Patrick Hayes over at Spiked (12th April) had a closer look at that Observer story:-
Something very odd happened at the weekend. A 40-year-old member of the far-right British National Party (BNP) was arrested for burning a copy of the Koran in his own back garden. Yes, it is apparently now a crime to express your disdain for a certain religious faith in the privacy of your own home. But that’s not the end of it. What makes this case especially odd is that the man in question - Sion Owens - was reported to the police by a broadsheet newspaper that claims to be liberal: the Observer. Since when has it been the job of the respectable, left-leaning press to grass people up to the cops for alleged speech crimes?
It’s worth reading the whole article. Henry Porter, the freedom of speech campaigner who writes for the Observer, had this to say:-
On the face of it, though, it would seem a doubtful decision because handing over the video, which appears to have been made for private use and was in a sense a private expression of this individual’s views, is likely to inflame feelings more than if the matter was simply ignored. That is the practical aspect.
‘If there is evidence that the individual was about to publish the video, then I think there is perhaps cause for police action because of what happened a few days ago in Afghanistan where several people lost their lives. It is a delicate issue and by no means clear cut. However, it is the case that prohibition of an act, whether in public or private, often makes that act more likely to occur. That is why I am against the ban on the burqa in France.’
Spiked is predictably robust on this matter:-
Unlike Porter, I believe that Sion Owens should also have had the freedom to release the film into the public domain, if he so chose. Freedom of speech, the cornerstone of all our freedoms, is too often compromised on the grounds that people might be harmed as a result of it. But people should be trusted to make up their own minds about whether to act upon footage of some idiot burning the Koran, rather than prevented by the state from seeing such footage in case it drives them crazy. To censor is to treat the public as a pogrom-in-waiting, whose eyes must be protected from offensive words and imagery. It is an updated, perhaps slightly more PC version of the same patronising assumptions that were exposed in the Lady Chatterley Trial: ‘Would you let your wife or servant read it?’ The question some are implicitly asking in relation to the BNP Koran video is: ‘Would you let the white working classes watch it?’ or ‘Would you let angry Muslims watch it?’. Perhaps that is what Townsend was getting at when he said the video could have ‘serious violent repercussions’.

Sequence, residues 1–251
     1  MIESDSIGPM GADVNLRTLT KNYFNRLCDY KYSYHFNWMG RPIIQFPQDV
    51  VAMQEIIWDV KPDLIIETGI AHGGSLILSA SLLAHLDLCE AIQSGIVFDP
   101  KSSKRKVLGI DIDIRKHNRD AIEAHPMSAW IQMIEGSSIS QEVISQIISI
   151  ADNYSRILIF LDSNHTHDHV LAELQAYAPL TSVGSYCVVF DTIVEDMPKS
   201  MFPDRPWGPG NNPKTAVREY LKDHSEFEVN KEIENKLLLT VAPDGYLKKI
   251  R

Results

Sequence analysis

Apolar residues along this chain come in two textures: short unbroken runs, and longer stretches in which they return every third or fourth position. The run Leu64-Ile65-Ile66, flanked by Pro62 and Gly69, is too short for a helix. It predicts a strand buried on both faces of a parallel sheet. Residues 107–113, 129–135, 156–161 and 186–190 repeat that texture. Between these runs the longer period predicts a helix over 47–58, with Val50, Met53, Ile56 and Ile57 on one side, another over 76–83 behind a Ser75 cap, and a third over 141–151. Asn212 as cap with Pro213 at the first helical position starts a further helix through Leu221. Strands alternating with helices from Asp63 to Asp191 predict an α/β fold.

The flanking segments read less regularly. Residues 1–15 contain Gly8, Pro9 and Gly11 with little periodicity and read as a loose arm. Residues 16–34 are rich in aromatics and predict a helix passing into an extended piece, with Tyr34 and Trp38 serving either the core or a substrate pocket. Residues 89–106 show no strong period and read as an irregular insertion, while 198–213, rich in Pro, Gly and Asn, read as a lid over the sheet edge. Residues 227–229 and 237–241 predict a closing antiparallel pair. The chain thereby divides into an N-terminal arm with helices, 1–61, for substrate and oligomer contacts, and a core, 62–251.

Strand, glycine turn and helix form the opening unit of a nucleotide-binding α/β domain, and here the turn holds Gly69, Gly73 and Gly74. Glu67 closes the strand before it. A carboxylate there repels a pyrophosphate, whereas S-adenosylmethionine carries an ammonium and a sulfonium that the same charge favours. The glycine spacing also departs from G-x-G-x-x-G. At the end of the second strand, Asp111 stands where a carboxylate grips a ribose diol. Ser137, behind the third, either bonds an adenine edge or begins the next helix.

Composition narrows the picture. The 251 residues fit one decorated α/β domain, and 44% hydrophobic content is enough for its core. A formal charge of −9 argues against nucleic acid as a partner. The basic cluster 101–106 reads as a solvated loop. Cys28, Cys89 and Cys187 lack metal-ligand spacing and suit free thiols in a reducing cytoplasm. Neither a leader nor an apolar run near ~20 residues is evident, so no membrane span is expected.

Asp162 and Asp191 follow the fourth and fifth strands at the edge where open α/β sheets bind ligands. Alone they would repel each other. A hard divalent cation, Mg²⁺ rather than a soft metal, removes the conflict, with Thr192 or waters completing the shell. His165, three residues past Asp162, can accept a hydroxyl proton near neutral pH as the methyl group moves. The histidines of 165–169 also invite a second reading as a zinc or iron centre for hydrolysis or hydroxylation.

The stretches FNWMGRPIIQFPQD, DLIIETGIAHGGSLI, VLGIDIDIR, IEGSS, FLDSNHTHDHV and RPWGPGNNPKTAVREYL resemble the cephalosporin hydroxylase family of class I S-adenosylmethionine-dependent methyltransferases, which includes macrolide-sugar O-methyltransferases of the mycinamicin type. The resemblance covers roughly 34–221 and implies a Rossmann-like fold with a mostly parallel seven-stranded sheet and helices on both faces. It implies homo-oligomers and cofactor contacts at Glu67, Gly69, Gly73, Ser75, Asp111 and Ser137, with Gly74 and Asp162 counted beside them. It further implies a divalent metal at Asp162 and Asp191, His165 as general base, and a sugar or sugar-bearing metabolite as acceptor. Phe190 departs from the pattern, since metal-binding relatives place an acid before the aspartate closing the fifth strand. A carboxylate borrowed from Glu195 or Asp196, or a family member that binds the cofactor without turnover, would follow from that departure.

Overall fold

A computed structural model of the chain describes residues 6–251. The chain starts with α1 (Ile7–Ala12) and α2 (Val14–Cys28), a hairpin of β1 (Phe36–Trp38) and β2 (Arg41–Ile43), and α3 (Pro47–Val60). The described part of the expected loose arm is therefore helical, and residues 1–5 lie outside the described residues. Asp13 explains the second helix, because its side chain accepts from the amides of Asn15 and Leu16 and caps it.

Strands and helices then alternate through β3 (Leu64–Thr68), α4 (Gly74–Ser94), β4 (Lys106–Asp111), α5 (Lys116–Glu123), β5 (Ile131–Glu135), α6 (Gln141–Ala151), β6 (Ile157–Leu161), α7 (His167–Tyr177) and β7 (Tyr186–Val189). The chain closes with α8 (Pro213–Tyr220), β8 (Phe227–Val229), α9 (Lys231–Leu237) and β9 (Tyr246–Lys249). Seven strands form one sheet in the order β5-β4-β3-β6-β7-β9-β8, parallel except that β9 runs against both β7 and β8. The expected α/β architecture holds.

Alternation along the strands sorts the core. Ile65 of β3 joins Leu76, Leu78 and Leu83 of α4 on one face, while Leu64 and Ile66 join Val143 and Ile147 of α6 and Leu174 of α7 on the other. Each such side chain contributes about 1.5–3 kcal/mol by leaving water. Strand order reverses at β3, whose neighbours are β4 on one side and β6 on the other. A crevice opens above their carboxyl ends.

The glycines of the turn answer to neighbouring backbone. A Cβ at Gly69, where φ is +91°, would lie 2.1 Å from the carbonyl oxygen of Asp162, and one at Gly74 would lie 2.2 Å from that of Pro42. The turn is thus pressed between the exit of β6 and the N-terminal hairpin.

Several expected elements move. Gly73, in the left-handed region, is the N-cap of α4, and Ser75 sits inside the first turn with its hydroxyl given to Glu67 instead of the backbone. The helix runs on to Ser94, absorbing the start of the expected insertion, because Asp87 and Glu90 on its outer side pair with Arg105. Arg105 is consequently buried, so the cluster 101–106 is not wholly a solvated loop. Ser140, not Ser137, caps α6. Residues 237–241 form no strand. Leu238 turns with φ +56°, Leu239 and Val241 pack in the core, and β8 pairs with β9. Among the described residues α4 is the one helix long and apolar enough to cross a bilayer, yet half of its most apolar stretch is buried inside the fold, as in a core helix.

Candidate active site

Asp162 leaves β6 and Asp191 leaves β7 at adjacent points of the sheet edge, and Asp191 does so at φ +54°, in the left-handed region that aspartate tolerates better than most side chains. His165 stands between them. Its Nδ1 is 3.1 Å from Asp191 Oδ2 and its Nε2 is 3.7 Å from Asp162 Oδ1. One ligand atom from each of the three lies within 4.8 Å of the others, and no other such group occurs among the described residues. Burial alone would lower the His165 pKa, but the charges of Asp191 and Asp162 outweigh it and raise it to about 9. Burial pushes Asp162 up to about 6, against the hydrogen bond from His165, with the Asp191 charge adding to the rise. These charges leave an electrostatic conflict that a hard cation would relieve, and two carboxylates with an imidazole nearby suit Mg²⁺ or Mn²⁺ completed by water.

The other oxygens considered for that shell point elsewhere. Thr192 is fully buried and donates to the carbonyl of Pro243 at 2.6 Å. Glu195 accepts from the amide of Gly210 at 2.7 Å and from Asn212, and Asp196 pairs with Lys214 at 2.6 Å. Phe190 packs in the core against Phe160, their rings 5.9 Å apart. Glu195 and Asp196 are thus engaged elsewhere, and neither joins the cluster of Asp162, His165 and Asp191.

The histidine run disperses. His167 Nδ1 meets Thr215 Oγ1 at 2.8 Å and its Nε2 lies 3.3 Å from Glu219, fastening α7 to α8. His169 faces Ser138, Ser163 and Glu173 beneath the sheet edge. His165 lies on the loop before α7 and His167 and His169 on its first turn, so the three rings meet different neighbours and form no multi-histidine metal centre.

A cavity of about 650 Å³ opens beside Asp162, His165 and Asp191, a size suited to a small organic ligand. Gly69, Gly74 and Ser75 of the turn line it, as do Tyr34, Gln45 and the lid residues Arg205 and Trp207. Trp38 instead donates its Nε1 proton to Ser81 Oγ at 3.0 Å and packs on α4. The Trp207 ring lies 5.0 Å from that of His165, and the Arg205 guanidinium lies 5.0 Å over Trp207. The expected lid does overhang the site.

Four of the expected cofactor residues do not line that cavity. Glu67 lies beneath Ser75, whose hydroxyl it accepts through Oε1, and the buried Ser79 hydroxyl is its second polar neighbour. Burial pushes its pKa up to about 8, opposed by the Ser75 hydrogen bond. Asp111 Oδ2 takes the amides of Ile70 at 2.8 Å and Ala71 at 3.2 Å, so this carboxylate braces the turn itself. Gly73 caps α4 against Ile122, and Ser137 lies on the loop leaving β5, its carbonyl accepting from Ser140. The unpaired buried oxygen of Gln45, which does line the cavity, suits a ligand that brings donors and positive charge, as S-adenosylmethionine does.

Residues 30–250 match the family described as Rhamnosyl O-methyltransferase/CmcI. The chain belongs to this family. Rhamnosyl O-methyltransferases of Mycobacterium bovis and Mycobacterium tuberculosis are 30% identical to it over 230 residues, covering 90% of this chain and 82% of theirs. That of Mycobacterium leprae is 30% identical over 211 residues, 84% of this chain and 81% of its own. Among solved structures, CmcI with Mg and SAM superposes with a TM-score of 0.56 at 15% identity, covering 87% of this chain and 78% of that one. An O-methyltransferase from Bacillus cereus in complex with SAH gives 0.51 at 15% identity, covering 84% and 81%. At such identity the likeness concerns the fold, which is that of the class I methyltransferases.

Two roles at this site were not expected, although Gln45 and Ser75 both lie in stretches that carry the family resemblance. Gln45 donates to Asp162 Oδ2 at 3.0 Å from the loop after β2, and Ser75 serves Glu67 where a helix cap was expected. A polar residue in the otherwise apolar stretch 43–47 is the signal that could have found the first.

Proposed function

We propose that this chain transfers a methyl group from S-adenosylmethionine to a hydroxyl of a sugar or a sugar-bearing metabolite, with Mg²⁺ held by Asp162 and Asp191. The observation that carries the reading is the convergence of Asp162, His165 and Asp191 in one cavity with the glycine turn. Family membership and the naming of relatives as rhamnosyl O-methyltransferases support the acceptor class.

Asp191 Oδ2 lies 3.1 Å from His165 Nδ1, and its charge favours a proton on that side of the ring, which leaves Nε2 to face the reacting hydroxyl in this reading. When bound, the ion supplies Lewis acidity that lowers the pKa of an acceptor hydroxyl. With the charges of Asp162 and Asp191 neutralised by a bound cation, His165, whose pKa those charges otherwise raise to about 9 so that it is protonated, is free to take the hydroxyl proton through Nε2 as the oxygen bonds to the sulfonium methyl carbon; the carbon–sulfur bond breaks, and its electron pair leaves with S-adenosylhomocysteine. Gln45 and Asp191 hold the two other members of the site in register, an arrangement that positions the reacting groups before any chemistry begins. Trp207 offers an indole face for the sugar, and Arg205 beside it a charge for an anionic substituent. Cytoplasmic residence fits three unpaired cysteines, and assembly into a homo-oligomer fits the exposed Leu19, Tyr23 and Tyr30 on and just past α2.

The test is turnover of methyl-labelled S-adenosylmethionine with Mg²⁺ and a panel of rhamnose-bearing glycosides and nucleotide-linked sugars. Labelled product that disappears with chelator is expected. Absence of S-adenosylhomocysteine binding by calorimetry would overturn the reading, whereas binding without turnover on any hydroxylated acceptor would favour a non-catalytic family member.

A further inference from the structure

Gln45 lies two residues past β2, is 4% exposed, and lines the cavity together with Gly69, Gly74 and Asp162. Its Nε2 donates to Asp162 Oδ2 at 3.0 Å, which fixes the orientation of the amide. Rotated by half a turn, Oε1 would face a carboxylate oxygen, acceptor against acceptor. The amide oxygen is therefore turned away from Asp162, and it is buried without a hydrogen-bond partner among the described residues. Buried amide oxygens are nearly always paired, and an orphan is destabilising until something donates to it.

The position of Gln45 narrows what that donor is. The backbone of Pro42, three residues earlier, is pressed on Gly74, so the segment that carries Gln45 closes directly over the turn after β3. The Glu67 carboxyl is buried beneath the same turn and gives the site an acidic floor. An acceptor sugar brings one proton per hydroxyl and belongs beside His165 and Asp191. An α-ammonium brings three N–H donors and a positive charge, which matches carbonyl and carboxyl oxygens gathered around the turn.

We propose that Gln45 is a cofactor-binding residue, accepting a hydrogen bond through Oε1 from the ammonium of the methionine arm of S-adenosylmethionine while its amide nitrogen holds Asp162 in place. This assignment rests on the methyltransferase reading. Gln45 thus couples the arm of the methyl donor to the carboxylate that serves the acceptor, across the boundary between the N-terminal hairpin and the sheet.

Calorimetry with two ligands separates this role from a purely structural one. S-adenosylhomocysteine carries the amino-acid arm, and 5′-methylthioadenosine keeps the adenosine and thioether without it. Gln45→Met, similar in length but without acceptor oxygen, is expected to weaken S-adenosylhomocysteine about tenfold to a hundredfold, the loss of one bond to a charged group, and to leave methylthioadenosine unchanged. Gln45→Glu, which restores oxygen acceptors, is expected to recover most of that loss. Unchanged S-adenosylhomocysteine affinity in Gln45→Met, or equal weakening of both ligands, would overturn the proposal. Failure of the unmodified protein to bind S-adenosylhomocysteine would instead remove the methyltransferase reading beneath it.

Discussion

Spiked does love leaping on liberals for their patronising assumptions about the violent tendencies of the canaille. But in this case it’s a reasonable assumption after the reaction to Terry Jones’s burning of the Qu’ran. These incidents are opportunities that are ramped up by religious and state leaders and violence and deaths are the result.
Arresting people though for acts which if publicised are likely to cause violence and harm somewhere in the world is untenable. There’s nothing much we can do about it. The lynch mobs led by the witch denouncers are going to have their days of rampage in the global village.
McLuhan coined the phrase “global village” to describe the hyper-networked world that was already taking shape. He had no illusions, though, about the nobility of village life. Our newly TV-, telephone-, and radio-enwebbed multiverse could just as easily be ruled by “panic terrors … befitting a world of tribal drums” as by any bright pastoral harmony. And so it was and is.
The latest news I could find about the case against the Qu’ran burner was (12th April):-
Sion Owens, aged 41, was charged with a public order offence on Saturday.
When he appeared at Swansea Magistrates Court the Crown Prosecution Service said it was withdrawing the case against him.
But it said that investigations would continue and that "almost certainly other proceedings will ensue."
And of course I would never have googled this guy if the Observer hadn’t handed his video of the book burning to the police.